Monday, July 18, 2011

Gaining the Upper Crust: Ducksmack Sour Cherry Pie

Let me spoil this one for you: Last Wednesday I entered and lost my first pie competition.  My friends tell me I was robbed (thanks, friends!).  I chalk it up to inexperience, visitor (70):pie (2) ratio, and the fact that warm pie and accompanying ice cream were not permitted. I dislike losing--so much so that some games (Hearts, for example) are on a "do not play" list.  But, entering a pie competition seemed like the right thing to do on a Sunday night and I'm ultimately glad I did. Some very good things resulted (besides a pie-sized chip on my shoulder).

For one thing, I feel a much more confident baker.  For another, I learned a lot. I will never ever serve 2 cold fruit pies to 70 hungry people a day after making them. (Honestly, who ever wants cold pie?) I will never make my pies a day ahead and take them to work, hoping that they don't go soggy. And I will never enter another competition without bringing my own serving utensils, like the winner was smart enough to do.  What I will do, though, is make these sour cherry pies--and other pies for that matter--using the techniques I learned in this process. Because when they were served in proper slices (as opposed to bite sized scoops), slightly warm, on a plate at home, this made a damn good pie.

The Fruit:
I am a sucker for sour cherry pie.  It was the pie  my mother made every holiday.  I'll never make hers (I defy any one to perfectly recreate their mother's recipe), but I'm eager to make my own version.  Typically, I use jarred sour cherries, but since I do work next door to the union square greenmarket, and sour cherries are in season, I wanted to try fresh.

The difference is straightforward: jarred cherries are sweeter and slightly mushier.  The fresh ones have more of a bite, produce more juice, and are more acidic.  Pitting them is a pain, but I think worth it.  They added just a little more tartness and packed a bit more punch.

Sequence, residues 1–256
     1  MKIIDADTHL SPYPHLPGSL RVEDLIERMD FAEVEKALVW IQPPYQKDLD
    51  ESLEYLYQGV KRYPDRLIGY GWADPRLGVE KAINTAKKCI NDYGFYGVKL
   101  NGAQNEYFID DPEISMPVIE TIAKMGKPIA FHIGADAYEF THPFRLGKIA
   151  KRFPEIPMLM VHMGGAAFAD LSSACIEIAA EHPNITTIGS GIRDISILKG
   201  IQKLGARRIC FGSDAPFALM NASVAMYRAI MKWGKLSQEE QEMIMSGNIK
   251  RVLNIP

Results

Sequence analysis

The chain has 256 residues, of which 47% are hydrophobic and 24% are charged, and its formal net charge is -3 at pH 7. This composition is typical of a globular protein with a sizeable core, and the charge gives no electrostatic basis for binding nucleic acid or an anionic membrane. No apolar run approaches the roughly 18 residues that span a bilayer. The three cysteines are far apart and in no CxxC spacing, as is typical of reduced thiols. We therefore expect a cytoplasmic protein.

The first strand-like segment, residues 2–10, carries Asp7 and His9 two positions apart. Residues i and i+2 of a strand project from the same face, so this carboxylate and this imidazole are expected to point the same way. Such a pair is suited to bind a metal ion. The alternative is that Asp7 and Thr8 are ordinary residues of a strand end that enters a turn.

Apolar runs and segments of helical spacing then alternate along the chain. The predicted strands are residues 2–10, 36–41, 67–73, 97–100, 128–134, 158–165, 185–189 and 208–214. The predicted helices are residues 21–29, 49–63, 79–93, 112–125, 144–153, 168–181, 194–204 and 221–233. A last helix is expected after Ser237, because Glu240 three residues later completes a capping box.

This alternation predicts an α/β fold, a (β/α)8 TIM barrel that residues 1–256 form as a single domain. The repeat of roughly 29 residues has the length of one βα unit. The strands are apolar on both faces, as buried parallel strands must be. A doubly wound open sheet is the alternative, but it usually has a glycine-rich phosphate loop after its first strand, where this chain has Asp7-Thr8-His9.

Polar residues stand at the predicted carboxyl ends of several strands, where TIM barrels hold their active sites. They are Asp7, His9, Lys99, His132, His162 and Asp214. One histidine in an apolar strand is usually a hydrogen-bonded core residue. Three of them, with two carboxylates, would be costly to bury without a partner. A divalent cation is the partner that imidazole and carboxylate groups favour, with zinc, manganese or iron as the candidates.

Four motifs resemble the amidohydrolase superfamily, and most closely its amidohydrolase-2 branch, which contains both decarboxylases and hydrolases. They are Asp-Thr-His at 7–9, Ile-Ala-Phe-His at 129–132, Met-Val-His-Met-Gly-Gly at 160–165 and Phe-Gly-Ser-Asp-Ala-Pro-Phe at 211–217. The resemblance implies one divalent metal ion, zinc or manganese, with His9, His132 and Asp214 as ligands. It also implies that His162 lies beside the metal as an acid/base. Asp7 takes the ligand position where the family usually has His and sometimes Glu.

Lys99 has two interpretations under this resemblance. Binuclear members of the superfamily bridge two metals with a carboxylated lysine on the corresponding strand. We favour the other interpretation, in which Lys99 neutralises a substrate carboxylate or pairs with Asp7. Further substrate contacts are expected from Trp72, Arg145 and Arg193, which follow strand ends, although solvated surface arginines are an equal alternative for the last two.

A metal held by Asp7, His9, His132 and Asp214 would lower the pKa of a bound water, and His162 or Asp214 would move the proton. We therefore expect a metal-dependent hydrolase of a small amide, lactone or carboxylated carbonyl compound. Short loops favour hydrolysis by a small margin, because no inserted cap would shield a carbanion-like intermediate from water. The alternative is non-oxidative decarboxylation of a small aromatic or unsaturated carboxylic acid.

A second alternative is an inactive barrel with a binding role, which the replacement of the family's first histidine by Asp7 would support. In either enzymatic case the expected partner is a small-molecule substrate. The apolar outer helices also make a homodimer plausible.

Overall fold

The Filling:
I combined (approx 1 cup) Red Jacket Orchard's sour cherry stomp with 1/4 tsp vanilla, 1/2c sugar, and 3Tbsp of cornstarch.  Like my mom always did, I thickened ahead of time on the stove (I find with cherries the filling doesn't set up if you try to do it all in the oven).  I used 4-5 cups of cherries per pie
Oh, and I added about 1/4 cup of whiskey.  Because this was, after all, a Ducksmack pie.
(I think I was going for an "old fashioned" flavour--it did work a bit).

The Crust:
Ahh, the most important part.  The thing that sets a pie apart.  I never make double crusts--the sheer amount of butter scares me away--but this was a competition, damnit, and the pies had to show.

I made three pies, a test pie and then my two competition pies, and for all three I used Kenji's (from Serious Eats) "Easy Pie Dough" recipe.  It worked great, and as promised, was very consistent. (Kenji's food lab articles are stellar and always make for a great read).  Served that evening, or reheated the next day, I think this pie would have been just terrific.  But serving it the next day, outside, after it had cooled, proved very challenging.  Still, I'm proud of it, and I think this is a crust I'll be making for a long time to come.

A few things I learned:

  • Grease the glass pie pan!
  • Refrigerating is key.  I refrigerated after nearly every step so the fat would re-solidify.  As a result, though, the crust took twice as long to make.  But, it was worth it!
  • Glass pie dishes are great, particularly for fluting, but the bottom crust doesn't cook nearly as well as in my old alumninum dish.  My friend suggests cooking on a preheated baking sheet or on the bottom of the oven--oh well, next time
  • With a pie this juicy, the bottom crust is just going to get soggy.  I tried an eggwash on the bottom layer, as suggested by the internet, but it didn't make much difference a day later.  I like the idea of a coating of chocolate, but that wouldn't work with sour cherry.
  • Follow my instincts:  I should have reheated the pies the next day before competing.  I would have had warm pies with more solid bottom crust.  Ah well--next time!
  • Sour cherries can be a divisive fruit--some people love them, some people not so much
  • A brush of heavy cream and a sprinkling of cinnamon and sugar in the raw over the top crust  really does look and taste awesome.

Bonus Recipe!

With the left over crust, I made crust cookies with cinnamon and sugar and a dollop of my Ducksmack marmalade.  I want to make these again. Perhaps in a month or so when I take on my next home-canning challenge: Santa Rosa Plum Preserves.

1 comment:

Travis Godsoe said...

I heard a rumor this morning that the Santa Rosa plums are out and nearly at their peak, so that jam may come earlier than expected!